Origin: ---------- avogan ------- "they of [location]"
Dative: ---------- avogo -------- "to them"


ex: SUM ["day"]

Singulative: ----- sum ----------- "[one]day"
Plural: ---------- sumi ---------- "days"
Collective: ------ sumiun -------- "days [together in a group]"
Dual: ------------ sumieto ------- "two days"
Trial: ----------- sumuambe ------ "three days"

The Three Gods: Oa`Naiorambe


Demonstrative (speaker): --------- iomi`- ---- "this"
Demonstrative (listener): -------- iomu`- ---- "that"
Definite: ------------------------ a`- ------- "the"
Indefinite: ---------------------- i`- ------- "a"/"an"
Unknown: ------------------------- ne`- ------ "some-" (as in "somebody", "someplace"; can also imply otherness/something removed from its original context: a "someperson" can reference both a stranger or an unidentified corpse)




I/my: ------------------------------- sa/sa-


you/ your: -------------------------- to/to(r)-
You/Your: --------------------------- teru/ter(u)-


By gender:
He/his: ----------------------------- an/an-
She/her: ---------------------------- es/es-
They/their (sing., ambiguous): ------ av/av(o)-
They/their (sing., intersex): ------- ne/nen-
It/its (sing., inanimate): ---------- tide/ti-

By class/job:
Magic worker/clergy: ---------------- be/be(c)-
Artisan: ---------------------------- eue/eue(n)-
Warrior: ---------------------------- som/so-

By race:
Faithful: --------------------------- ver/ve(r)-
Spirits: ---------------------------- let/let(o)-

By group:
We/our: ----------------------------- aun/aun-
They/their: ------------------------- ran/ran-


Append -te(n)- to any third-person pronouns

ex: "They went and spoke to them."
---- er rante u no cu u seno randu
---- [to them[obj, 4th] went and spoke they[sub, 3rd]]


Add va, ``it is`` at the end of the clause


-self: ----------------------------- -des
-Self: ----------------------------- -(e)nden


Adverbs and adjectives are treated as a single grammatical category and all end in -de.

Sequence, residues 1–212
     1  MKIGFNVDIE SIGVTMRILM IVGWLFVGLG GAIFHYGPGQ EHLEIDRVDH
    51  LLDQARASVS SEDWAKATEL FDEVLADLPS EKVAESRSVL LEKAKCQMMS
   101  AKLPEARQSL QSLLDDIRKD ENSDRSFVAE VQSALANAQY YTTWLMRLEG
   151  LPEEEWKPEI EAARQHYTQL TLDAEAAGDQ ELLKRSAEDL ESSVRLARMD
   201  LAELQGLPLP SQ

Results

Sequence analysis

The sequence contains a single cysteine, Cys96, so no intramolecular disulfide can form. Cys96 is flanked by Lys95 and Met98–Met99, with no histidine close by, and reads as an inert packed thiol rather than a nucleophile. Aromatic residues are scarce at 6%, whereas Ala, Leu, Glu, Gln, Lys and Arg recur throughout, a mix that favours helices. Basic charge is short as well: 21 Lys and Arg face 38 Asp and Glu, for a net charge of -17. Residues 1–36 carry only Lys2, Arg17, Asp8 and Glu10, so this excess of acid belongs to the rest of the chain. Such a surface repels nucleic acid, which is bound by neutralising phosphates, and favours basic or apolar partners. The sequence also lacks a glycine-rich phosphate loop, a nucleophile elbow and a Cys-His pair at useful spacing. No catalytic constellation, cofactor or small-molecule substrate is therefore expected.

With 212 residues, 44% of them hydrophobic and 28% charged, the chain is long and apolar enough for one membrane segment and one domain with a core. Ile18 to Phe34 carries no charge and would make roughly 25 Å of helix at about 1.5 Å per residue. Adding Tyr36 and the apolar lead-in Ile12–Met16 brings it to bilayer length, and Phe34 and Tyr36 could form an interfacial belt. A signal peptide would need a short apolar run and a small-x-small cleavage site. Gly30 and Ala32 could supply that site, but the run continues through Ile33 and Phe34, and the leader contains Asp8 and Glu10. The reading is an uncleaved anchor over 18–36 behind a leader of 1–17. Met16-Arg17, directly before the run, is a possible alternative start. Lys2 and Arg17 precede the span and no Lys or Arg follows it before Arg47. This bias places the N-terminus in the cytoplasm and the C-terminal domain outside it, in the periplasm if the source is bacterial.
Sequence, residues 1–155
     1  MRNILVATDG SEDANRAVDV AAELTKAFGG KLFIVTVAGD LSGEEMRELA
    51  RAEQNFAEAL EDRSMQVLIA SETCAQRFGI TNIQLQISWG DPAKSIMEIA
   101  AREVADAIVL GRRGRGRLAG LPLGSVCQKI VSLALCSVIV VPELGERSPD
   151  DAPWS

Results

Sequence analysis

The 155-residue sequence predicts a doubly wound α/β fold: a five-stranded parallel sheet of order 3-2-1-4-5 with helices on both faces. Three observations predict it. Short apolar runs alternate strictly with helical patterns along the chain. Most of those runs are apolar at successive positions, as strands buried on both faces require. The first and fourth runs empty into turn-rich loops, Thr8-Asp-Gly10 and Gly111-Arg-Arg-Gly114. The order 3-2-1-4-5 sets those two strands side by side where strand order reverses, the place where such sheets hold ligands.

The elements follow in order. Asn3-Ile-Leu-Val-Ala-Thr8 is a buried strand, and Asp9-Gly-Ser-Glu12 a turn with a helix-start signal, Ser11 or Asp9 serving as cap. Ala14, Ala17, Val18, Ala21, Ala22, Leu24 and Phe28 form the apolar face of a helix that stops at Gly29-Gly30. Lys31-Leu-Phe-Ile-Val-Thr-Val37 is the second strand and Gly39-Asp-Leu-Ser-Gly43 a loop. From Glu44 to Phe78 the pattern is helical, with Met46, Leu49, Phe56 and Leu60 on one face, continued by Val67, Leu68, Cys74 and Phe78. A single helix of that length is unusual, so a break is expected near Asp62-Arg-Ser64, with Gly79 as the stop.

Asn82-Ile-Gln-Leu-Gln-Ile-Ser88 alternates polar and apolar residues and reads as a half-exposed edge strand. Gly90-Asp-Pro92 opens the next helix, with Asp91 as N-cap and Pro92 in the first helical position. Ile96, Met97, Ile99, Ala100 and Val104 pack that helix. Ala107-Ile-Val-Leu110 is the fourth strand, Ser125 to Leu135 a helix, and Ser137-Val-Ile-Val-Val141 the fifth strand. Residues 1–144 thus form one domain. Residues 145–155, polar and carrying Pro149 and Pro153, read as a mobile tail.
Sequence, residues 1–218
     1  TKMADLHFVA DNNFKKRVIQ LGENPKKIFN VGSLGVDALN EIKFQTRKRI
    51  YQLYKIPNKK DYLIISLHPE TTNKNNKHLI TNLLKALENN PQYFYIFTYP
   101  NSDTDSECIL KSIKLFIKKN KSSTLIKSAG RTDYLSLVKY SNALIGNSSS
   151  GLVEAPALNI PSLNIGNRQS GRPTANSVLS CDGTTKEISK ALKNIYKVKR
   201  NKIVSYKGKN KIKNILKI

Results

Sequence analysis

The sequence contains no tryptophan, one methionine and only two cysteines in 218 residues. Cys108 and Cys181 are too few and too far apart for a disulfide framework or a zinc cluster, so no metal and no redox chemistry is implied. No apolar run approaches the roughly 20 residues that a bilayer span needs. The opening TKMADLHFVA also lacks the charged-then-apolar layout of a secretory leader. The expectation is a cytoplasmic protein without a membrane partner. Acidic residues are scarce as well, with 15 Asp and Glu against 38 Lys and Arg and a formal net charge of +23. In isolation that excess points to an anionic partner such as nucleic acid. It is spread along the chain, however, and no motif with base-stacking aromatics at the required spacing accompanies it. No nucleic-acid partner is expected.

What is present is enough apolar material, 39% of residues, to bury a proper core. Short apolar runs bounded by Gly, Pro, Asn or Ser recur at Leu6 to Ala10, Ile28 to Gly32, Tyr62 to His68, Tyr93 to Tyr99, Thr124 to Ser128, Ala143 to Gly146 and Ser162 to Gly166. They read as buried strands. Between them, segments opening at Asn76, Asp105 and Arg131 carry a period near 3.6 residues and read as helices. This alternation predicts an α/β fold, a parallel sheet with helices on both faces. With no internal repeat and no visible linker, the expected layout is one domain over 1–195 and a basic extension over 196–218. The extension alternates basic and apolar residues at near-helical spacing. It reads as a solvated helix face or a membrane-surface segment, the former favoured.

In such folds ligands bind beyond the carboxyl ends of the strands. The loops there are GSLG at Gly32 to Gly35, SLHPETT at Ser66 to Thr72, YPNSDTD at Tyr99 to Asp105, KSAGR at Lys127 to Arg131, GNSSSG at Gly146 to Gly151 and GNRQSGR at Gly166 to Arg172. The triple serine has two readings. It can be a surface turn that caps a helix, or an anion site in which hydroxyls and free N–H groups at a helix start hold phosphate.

Tall ------------ satde (`fastly`)

"The plant is tall": satde solandu va (informal: `fastly [the]car [it is]`) - noti satde a`solandu (formal: `it is fastly the car`)

"The red car": imode solandu (informal: `redly [the]car`) - noti imode a`solandu (formal: `it is redly the car`])

"The red car goes fast": olo satde imode solandu (informal: `goes fastly redly the car` ) - oloti imode satde a`solandu (formal: `it goes fastly redly the car`)

If it is established that a specific car is being referenced, `solandu` can be left out entirely in informal speech. Words modifying verbs directly follow the action, and words modifying nouns come before.


We modify adjectives to elaborate on the strength and nature of the adjective. For instance, "fast", "faster", and "fastest". In English, we make use of other words to modify adjectives ad adverbs as well, such as "very" or "less".

Humorous ------------------ dnande

Un-: ---------------------- nudnande ('unfunny')
-less: -------------------- iudnande ('humorless')
-ful: --------------------- iildnande ('humorful'/'very funny')
Possibility: -------------- ocidnande ('humorable')
-philic/-phobic: ---------- miednande/otodnande
Weak/Strong: -------------- eendnande/dndnande ('sorta funny'/'very funny')

To make an adjective strong in Sennan, simply repeat the first syllable one extra time at the beginning of the word. Of course, in slang, the first syllable can get repeated as many times as the speaker wants in order to emphasize the strength of the adjective. ("Dndndndndndnande!", for example. It's impossible to take this sort of thing too seriously, though.)


In informal situaions, the word order is malleable, with meaning built around the sentence`s subject, indicated by the suffix -du. In formal speech, word order, verb forms, and noun cases are adhered to more strictly.

Example: "I agree with you"

"Agree I you" - sieno sa todu - V-O-S
"You I agree" - todu sa sieno - S-O-V
"You agree I" - todu sieno sa - S-V-O
"Agree[I] you" - sienosa to - VO-S

The "with" is implied here, as there are only two people the speaker is referencing. The person who is the subject of the agreement, and the person doing the agreeing.

"Agree I with you" - sienosa iil todu - V-O-S
"With you I agree" - iil todu sienosa - S-O-V

Nominative avodu "they"
Accusative avodan "them"